Two stories

Two stories.

One. I’m walking into work and meet my consultant on his way in. I ask if he’d had a quiet night on call and as I said it his phone rang. Quiet up till now I suppose. So there’s a patient in the GP hospital 30 mins flight north who’s not too well and could the helicopter come and pick them up. And so that becomes my job for the morning. I grab the trolley with all the gear, enough to run an ICU in the middle of nowhere, and go to the hangar.

In Wairoa (referred to as the wild west of Hawke’s Bay) there’s a poor wee 62 year old Maori lady with not enough breath to utter a word and so sweaty and cold she feels like death. She’s now confused and wanting to stand up and sit down and then stand up again. Not a good option in a helicopter. I fill her with drugs for half an hour and if anything she’s worse. For once it’s probably not my fault.

I ring my boss and tell him the only way I’m getting her back is paralyzed and ventilated. I feel I ought to tell him cause I’ve never done this on my own before, and if I’m gonna kill someone then I’d prefer he knew.

And so I open the mini-icu in a bag and get my bits and pieces together. Now what I’m proposing to do is give an anaesthetic, play the role of the gas man. Now usually this is in a nice controlled environment with lots of flashy screens showing nice normal numbers. I have a portable monitor that would give me most of this. If it wasn’t for the fact that her blood pressure is so low that the only pulse I can feel is in her neck so I know her blood pressure’s not good. And that the probe for measuring oxygen content doesn’t work cause her fingers are so cold and the only number it gave us was 78% and I really hoped that wasn’t right.

The idea is to give her some sleepy stuff and then some stuff to paralyze every muscle in her body (apart from her heart – which is kind of stuffed already) so I can put a tube down her throat into her lungs and breathe for her.

So that’s straight forward enough, the nurse gives the drugs (half the big syringe, all the little syringe…) and she stops breathing. And the tube goes in easy enough and I squeeze the bag and her chest goes up and down. I feel the pulse in her neck and realize it’s not there any more. In my head I swear and curse that I’ve killed her. So I stick a big hose pipe of a needle in her neck and give her some adrenaline and the pulse comes back at a thready rapid rate, wait no, maybe that’s just mine. But no, it is there, just about…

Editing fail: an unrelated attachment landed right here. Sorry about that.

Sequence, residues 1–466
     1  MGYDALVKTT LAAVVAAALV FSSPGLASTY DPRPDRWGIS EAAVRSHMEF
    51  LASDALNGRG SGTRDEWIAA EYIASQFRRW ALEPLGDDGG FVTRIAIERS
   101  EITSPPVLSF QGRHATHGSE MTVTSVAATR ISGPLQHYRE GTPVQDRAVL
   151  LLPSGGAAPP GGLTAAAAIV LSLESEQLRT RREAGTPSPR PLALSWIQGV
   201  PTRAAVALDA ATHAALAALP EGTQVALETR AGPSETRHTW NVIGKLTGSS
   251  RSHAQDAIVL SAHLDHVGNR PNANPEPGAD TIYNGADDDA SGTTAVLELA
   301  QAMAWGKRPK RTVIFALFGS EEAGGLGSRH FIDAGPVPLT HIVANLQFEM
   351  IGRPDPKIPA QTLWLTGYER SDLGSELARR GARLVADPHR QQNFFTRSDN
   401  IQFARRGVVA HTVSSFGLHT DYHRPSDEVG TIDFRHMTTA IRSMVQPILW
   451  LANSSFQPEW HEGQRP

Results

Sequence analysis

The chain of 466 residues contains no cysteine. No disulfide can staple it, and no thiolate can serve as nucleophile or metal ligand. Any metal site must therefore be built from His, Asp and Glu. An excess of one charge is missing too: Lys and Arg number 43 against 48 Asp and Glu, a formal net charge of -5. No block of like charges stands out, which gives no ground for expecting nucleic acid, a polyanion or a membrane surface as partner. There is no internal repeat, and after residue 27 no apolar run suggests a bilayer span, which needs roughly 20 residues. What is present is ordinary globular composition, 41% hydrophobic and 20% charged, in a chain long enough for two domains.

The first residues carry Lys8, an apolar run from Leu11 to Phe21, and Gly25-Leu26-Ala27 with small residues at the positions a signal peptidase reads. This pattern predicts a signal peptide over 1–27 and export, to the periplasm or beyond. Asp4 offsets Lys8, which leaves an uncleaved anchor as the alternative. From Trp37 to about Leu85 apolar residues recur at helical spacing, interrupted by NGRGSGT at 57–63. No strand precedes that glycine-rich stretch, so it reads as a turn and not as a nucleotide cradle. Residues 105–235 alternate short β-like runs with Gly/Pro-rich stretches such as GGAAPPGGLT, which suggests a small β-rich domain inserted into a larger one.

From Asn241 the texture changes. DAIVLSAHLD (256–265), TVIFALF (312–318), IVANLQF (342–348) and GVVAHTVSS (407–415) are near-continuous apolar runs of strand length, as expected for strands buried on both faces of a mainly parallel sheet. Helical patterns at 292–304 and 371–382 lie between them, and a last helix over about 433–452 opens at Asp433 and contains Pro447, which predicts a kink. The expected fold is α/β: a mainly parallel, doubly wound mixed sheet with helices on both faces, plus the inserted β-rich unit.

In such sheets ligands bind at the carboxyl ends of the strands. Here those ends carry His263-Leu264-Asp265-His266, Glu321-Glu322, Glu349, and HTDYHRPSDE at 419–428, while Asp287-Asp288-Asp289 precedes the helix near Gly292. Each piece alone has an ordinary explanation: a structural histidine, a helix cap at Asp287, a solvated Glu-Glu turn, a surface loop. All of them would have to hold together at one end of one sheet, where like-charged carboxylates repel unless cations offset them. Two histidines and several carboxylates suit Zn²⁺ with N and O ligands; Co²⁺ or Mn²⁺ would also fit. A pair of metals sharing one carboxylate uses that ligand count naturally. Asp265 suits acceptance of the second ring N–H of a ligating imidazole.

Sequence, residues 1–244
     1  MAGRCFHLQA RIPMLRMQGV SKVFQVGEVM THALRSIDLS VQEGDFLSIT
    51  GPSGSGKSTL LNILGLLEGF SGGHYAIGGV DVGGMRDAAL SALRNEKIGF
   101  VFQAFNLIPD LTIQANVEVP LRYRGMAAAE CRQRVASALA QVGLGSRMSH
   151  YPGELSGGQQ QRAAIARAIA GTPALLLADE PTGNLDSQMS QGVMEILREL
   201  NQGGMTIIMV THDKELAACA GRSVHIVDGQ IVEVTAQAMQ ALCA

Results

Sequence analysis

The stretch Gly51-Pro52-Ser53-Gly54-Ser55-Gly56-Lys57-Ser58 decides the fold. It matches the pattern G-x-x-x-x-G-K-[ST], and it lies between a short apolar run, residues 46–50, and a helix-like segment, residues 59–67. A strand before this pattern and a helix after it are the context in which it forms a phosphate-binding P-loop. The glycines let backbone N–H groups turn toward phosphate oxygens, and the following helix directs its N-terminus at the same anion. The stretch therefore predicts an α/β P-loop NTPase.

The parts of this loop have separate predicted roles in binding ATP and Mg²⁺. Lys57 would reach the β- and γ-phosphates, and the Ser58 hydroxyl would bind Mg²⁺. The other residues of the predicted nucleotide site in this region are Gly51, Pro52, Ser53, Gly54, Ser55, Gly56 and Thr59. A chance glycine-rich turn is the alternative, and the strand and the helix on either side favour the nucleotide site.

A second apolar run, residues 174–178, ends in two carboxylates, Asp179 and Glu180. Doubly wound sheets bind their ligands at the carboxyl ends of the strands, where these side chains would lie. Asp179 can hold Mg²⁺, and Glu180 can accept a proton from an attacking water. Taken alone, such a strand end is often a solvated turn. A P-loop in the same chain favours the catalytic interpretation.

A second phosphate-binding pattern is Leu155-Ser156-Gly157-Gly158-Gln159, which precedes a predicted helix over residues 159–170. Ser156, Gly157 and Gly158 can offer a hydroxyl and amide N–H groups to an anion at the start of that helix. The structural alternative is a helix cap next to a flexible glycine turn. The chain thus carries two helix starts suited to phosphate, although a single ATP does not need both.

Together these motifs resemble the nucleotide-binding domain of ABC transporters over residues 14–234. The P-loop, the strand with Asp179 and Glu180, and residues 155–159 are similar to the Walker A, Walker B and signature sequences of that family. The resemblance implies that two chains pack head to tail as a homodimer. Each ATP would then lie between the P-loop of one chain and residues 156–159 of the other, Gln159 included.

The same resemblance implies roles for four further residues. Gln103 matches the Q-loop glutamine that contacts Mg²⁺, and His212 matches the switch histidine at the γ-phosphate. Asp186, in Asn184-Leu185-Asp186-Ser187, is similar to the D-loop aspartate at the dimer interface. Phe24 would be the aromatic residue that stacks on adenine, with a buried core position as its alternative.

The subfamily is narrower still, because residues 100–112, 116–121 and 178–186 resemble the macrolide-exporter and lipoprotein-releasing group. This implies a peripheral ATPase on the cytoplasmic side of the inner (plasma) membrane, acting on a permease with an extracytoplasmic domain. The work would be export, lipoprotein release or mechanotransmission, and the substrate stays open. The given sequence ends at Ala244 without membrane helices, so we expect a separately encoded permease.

And I talk my way through this in a strangely calm tone of voice, asking for this and that, betraying the cold sweat that’s just come out on me.

We stick her on the stretcher load her in the chopper while I sit at her head with my finger on the pulse and nothing to monitor except a read out of the electrical activity in her heart. And I search through the drug bag, cracking open amps of bicarb and calcium and adrenaline to keep that pulse there.

And we land and get her into the unit and I stick some more needles and drips and tubes in her. The boss wanders over and I give him the handover and he says I did pretty well even if the induction was a bit ‘vetinary’.

You see in many ways it’s easy to keep people alive. With enough tubes in the right places and enough drugs you can keep that little sack of muscle in their chest going for well past it’s sell by date. But most of the time, in cases like this it’s ‘futile’ (as I say to the family), cause they don’t get better and you never get rid of the drugs or get the tubes out.

My only comment to the boss is that it’s another successful resuscitation of a dead person.

Story two. Again, I’ve just arrived in work (it’s been a chaotic few mornings), and there’s a patient in the fire exit (our emergency extra bed space when the unit’s full) who’s just arrived. He’s been sent down from the ward cause he’s been unwell night and no one can get a needle into him to give him some drugs to make him a bit better. He’s got some horrible advanced cancer in his belly that he only found out about yesterday.

An hour of needles and x-rays and blood tests and fluid later it’s clear he’s dying. He’s in the process of having a heart attack, his kidneys have shut down cause his belly’s so swollen with fluid that they’re blocked. He can barely get a breath cause of the fluid in his lungs and the pressure pushing up from his belly underneath.